Scott Burns' review of 
The Intelligent Asset Allocator by William Bernstein
       “Is there some way to tweak the Couch Potato Portfolio, to make it sexier, to take it to the next level?”
       That’s the most common question readers have about the Couch Potato Portfolio, my tool for the incurious and slothful who want to manage their money with as little time, effort and expense as possible, but still get life-sustaining results.
       There is.
       The sexy next level comes from William Bernstein, an Oregon neurologist who has pursued his hobby of statistics and portfolio theory with such passion that he first created an online publication, Journal of the Efficient Frontier, then started writing for outfits like Morningstar, and now has published a book, “The Intelligent Asset Allocator” (McGraw-Hill, $29.95) — all in his proverbial “spare time, at home.”
       While not intended as beach reading, Bernstein’s book makes such direct and lucid connections between statistical analysis, probability and the workings of investment management that anyone who would like to know about the connection without actually doing the work should read it.
       Dozens of investment books cross my desk every year; few are retained, let alone mentioned in my column. But Bernstein’s book is a keeper — something that should be in the basic library of every serious investor.
       So what’s the basic idea?
       Build your portfolio with multiple classes of assets, invest entirely in index funds because professional stock and bond picking is a waste of time and money, and rebalance your portfolio regularly so it maintains its original propertion for each asset class.
       While Bernstein himself is an admitted “asset-class junkie,” wanting as many asset types in his portfolio as possible, his easiest model portfolio is a mixture of four types of assets:
 • U.S. large stocks, such as the stocks in the S&P 500 index;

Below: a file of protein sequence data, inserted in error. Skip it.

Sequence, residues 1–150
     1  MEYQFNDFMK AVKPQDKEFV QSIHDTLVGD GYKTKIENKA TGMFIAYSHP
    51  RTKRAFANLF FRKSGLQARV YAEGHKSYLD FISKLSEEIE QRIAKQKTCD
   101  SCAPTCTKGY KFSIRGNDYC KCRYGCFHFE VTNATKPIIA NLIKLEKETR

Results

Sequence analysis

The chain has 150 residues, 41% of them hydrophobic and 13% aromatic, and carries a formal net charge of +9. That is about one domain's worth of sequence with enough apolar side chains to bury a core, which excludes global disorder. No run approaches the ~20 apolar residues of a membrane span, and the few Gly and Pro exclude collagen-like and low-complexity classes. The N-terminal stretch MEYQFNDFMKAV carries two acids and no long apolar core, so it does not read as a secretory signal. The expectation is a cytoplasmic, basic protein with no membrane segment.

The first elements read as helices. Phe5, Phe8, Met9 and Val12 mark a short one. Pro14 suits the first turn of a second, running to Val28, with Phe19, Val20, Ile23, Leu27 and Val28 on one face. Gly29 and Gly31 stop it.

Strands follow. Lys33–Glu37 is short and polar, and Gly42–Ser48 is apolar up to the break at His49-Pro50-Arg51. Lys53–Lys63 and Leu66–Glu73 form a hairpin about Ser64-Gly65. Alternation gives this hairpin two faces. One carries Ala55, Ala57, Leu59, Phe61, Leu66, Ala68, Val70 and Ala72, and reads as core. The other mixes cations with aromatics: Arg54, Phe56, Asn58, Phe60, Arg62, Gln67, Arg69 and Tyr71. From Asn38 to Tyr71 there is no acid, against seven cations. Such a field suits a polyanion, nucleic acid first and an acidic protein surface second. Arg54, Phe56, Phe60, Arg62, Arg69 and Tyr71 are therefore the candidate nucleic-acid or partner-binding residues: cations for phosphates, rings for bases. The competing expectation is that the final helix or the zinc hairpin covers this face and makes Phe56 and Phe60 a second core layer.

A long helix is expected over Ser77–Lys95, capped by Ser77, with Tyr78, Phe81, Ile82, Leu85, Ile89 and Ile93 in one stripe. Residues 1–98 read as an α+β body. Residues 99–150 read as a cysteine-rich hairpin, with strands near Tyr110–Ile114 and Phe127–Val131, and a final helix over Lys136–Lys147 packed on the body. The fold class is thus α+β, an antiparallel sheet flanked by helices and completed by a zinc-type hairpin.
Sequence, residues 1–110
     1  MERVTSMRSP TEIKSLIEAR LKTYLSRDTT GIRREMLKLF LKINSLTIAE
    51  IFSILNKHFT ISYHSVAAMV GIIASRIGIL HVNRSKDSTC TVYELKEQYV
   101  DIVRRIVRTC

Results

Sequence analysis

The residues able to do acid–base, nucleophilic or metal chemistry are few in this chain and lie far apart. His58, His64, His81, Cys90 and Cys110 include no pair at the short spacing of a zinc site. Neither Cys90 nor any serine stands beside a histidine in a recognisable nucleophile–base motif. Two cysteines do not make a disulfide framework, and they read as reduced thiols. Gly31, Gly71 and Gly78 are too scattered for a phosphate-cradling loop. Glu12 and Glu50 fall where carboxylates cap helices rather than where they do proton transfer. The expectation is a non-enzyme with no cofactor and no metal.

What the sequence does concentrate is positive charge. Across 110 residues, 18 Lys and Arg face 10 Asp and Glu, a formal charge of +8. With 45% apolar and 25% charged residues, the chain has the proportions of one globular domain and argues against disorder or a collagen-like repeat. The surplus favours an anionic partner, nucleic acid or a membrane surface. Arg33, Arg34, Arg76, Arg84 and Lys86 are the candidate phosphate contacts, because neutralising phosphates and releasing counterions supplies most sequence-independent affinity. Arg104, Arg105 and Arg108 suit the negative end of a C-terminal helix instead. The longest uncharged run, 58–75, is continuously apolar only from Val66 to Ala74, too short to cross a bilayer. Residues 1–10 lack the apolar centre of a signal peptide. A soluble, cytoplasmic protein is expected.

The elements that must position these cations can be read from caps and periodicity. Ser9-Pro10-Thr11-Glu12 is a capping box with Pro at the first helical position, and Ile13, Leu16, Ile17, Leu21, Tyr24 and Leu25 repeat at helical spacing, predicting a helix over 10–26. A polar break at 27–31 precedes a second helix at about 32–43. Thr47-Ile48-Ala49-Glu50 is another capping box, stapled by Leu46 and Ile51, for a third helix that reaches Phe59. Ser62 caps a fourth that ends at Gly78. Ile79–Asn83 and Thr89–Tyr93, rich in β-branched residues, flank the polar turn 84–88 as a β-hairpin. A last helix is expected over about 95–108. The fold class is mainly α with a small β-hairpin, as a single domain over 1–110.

• U.S. small stocks, such as the stocks in the Russell 2000 index;
 • foreign stocks, such as the stocks in the EAFE index;
 • and U.S. short-term bonds.
       All four of these classes are available as inexpensive, no-load mutual funds. Bernstein says, “if history is any guide, a portfolio divided equally among these four assets will most likely outperform the overwhelming majority of investment professionals over the next few decades.”
       Skeptical readers are likely to wonder how foreign stocks could compete, since they have wrecked diversified portfolios for more than five years. They might also wonder about small stocks, knowing that the Russell 2000 index has trailed the S&P 500 index by 5.5 percent a year, compounded, for the past 15 years.
       In fact, Bernstein shows that while an equal mix of the three equity classes — the S&P 500, small stocks and foreign stocks — would have provided wildly different returns from a pure S&P 500 investment in each of the five-year periods from 1969 to 1998, the mixed portfolio was within a hair of the S&P 500 over the entire period, 12.50 percent and 12.67 percent, respectively.
       In turn, the S&P 500 index beat the vast majority of professionally managed equity funds.
       To visit Bernstein’s Web site, go to
       Questions about personal finance and investments may be sent to: Scott Bums, The Dallas Morning News, P.O. Box 655237, Dallas, TX 75265; faxed to (214) 977-8776; or e-mailed to